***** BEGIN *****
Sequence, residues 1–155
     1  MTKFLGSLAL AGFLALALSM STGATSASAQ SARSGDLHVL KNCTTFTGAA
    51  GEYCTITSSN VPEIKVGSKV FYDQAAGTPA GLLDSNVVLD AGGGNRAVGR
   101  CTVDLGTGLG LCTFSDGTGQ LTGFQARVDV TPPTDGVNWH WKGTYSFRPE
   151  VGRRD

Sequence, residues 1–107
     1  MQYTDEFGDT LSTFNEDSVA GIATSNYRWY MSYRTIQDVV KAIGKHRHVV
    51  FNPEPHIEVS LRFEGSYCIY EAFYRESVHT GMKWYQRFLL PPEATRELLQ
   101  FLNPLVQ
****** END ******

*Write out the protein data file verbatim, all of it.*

Sequence, residues 1–155
     1  MTKFLGSLAL AGFLALALSM STGATSASAQ SARSGDLHVL KNCTTFTGAA
    51  GEYCTITSSN VPEIKVGSKV FYDQAAGTPA GLLDSNVVLD AGGGNRAVGR
   101  CTVDLGTGLG LCTFSDGTGQ LTGFQARVDV TPPTDGVNWH WKGTYSFRPE
   151  VGRRD

Sequence, residues 1–107
     1  MQYTDEFGDT LSTFNEDSVA GIATSNYRWY MSYRTIQDVV KAIGKHRHVV
    51  FNPEPHIEVS LRFEGSYCIY EAFYRESVHT GMKWYQRFLL PPEATRELLQ
   101  FLNPLVQ